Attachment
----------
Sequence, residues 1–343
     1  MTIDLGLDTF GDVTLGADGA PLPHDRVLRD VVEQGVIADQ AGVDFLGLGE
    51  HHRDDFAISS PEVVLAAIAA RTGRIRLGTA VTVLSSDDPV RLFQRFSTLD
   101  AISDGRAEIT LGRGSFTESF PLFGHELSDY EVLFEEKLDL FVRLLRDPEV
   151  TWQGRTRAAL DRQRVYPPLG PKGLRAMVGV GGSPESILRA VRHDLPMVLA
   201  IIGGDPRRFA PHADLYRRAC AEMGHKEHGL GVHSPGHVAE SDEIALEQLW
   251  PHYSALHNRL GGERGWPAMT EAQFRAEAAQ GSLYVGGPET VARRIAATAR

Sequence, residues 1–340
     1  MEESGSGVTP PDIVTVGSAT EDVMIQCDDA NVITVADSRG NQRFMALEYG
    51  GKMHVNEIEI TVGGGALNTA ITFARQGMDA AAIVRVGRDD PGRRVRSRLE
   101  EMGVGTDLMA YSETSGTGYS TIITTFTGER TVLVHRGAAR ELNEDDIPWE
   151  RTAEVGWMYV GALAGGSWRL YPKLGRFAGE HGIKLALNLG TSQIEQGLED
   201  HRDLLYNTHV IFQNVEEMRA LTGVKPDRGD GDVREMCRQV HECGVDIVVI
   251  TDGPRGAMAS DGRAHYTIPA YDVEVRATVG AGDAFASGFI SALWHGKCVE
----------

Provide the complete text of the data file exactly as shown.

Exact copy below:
Sequence, residues 1–343
     1  MTIDLGLDTF GDVTLGADGA PLPHDRVLRD VVEQGVIADQ AGVDFLGLGE
    51  HHRDDFAISS PEVVLAAIAA RTGRIRLGTA VTVLSSDDPV RLFQRFSTLD
   101  AISDGRAEIT LGRGSFTESF PLFGHELSDY EVLFEEKLDL FVRLLRDPEV
   151  TWQGRTRAAL DRQRVYPPLG PKGLRAMVGV GGSPESILRA VRHDLPMVLA
   201  IIGGDPRRFA PHADLYRRAC AEMGHKEHGL GVHSPGHVAE SDEIALEQLW
   251  PHYSALHNRL GGERGWPAMT EAQFRAEAAQ GSLYVGGPET VARRIAATAR

Sequence, residues 1–340
     1  MEESGSGVTP PDIVTVGSAT EDVMIQCDDA NVITVADSRG NQRFMALEYG
    51  GKMHVNEIEI TVGGGALNTA ITFARQGMDA AAIVRVGRDD PGRRVRSRLE
   101  EMGVGTDLMA YSETSGTGYS TIITTFTGER TVLVHRGAAR ELNEDDIPWE
   151  RTAEVGWMYV GALAGGSWRL YPKLGRFAGE HGIKLALNLG TSQIEQGLED
   201  HRDLLYNTHV IFQNVEEMRA LTGVKPDRGD GDVREMCRQV HECGVDIVVI
   251  TDGPRGAMAS DGRAHYTIPA YDVEVRATVG AGDAFASGFI SALWHGKCVE